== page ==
ESG And The New Viability
by P.E. KelleyMr. Kelley is the managing editor of this magazine. Connect with him by e-mail: firstname.lastname@example.org
How does the concept of sustainability translate into profitability for companies that embrace it? Does being green cultivate a new pathway toward market performance? While there is plenty of debate on the subject, portfolios containing companies that score high on environmental, social and governance issues have actually performed quite well. Moreover, they exhibit a curious ability to do so during periods of volatility.
We spoke with Ann Marie Etergino, a financial advisor with RBC Wealth Management, in Chevy Chase, Md. While she admitted that ESG is more of a philosophy than a financial metric, there are nonetheless specific fundamentals that drive it: a willingness to look beyond the balance sheet, the ability to build a portfolio that reflects investors’ unique goals and values, and, in the long run, fostering a holistic understanding of its risks and rewards.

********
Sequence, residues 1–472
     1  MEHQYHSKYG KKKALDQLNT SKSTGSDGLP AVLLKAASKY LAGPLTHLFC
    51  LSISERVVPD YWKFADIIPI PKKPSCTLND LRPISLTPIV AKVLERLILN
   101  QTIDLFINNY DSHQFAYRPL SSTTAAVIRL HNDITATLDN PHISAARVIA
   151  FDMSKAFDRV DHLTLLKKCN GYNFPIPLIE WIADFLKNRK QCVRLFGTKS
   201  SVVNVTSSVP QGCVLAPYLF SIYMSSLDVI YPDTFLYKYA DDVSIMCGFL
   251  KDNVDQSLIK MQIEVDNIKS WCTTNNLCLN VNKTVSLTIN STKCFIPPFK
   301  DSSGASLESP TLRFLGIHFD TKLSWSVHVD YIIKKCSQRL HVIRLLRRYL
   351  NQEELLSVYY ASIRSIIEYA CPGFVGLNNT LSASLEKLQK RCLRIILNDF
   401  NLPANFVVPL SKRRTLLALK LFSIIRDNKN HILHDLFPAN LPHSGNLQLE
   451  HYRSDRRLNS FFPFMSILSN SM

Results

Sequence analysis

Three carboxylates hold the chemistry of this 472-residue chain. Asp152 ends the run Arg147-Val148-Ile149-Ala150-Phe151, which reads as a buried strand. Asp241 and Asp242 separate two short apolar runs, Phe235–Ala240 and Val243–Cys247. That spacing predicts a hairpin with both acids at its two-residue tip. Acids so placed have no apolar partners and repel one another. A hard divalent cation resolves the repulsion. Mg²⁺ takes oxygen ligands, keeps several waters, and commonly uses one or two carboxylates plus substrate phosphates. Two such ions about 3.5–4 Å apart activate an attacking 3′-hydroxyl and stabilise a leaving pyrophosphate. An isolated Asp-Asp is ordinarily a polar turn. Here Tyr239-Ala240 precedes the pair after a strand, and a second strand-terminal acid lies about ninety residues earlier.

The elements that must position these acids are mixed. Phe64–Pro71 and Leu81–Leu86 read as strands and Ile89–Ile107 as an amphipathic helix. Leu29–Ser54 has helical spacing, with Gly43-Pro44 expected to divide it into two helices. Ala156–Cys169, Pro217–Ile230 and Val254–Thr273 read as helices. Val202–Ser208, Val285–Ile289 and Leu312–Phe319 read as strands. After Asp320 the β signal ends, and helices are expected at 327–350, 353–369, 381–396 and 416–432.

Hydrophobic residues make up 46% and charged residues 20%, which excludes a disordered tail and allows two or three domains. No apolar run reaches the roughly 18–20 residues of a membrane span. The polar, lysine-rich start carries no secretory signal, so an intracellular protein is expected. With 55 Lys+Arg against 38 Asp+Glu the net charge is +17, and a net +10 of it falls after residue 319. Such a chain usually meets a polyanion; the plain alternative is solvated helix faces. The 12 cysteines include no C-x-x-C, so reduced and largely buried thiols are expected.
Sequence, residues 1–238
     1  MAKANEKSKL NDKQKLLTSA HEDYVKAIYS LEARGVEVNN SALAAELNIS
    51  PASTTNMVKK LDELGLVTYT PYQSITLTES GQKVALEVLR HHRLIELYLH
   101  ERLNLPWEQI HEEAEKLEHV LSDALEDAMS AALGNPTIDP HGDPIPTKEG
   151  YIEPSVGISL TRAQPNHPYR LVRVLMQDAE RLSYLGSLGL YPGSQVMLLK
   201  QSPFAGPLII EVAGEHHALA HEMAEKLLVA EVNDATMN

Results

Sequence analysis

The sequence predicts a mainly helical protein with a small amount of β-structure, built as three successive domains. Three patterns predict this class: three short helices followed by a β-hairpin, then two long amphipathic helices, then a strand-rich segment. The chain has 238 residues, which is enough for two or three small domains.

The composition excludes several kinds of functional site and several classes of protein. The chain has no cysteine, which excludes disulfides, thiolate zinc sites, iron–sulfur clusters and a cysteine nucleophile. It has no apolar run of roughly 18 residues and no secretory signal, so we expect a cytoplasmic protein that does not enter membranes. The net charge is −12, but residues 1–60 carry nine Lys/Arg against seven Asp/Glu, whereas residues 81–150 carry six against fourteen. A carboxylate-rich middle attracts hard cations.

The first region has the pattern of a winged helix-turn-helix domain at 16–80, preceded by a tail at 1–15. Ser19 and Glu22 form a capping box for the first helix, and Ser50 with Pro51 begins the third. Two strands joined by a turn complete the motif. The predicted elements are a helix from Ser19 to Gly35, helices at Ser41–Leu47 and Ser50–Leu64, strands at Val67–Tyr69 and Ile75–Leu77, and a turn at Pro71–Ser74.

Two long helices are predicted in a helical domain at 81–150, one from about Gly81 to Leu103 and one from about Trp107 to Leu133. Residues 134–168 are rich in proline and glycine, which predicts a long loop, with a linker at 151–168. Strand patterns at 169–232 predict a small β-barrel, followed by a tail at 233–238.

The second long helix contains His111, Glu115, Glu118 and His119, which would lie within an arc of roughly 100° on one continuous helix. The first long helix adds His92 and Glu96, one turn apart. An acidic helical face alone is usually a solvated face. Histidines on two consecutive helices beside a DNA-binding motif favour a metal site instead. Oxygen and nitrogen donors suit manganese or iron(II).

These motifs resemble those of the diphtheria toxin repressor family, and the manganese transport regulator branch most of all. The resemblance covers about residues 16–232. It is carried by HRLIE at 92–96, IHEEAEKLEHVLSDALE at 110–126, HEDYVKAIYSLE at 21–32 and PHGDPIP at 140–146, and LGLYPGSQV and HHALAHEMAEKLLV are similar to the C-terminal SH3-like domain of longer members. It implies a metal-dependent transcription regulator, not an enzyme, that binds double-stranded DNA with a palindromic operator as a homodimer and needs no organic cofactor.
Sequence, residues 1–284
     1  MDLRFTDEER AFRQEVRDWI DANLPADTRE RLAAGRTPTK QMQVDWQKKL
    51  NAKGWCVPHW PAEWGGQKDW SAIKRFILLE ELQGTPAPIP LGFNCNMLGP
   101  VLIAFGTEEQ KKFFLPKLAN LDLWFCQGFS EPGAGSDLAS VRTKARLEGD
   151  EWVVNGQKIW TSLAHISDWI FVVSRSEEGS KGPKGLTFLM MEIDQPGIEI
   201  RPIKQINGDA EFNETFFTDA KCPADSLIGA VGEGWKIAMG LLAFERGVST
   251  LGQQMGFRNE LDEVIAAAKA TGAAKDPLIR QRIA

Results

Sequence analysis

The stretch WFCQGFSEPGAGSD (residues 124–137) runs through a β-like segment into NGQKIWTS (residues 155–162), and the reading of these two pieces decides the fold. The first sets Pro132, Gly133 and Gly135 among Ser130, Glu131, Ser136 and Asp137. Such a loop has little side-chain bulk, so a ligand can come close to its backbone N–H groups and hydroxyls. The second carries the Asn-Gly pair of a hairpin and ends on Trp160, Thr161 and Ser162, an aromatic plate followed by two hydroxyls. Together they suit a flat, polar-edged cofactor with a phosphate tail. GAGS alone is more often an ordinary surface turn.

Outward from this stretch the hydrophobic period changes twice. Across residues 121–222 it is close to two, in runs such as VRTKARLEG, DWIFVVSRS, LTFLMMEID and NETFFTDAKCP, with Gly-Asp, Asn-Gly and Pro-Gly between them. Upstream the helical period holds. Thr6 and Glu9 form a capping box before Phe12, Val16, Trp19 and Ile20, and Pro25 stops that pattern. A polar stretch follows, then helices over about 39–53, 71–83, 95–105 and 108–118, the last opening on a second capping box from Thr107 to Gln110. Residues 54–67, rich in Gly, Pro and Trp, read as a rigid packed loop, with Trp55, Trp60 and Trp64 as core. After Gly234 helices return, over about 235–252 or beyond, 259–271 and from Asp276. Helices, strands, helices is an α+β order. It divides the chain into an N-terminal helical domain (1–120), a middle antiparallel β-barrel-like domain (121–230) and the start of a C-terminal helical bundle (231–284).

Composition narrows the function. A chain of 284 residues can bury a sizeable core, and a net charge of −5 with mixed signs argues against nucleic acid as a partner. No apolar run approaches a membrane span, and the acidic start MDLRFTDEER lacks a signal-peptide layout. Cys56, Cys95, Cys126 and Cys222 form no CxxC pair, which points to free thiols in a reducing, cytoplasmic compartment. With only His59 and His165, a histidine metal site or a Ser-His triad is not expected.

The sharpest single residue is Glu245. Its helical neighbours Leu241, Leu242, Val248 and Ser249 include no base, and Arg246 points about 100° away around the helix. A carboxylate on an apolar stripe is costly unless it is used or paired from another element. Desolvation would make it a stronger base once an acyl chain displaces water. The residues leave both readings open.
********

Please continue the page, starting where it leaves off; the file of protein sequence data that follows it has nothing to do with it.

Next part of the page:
PEK: What bridges the gap between ESG, which is fundamentally informed not so much by a financial perspective but a social one, and the notion that ESG investing can be viable… and presumably profitable?
AME: When it comes to investing, not everything that counts can be counted. Factors like culture, human capital, innovation, organizational health, speed of decision making are all critical aspects of the long-term viable success of a business, and yet you will not see any of them within traditional financial reporting.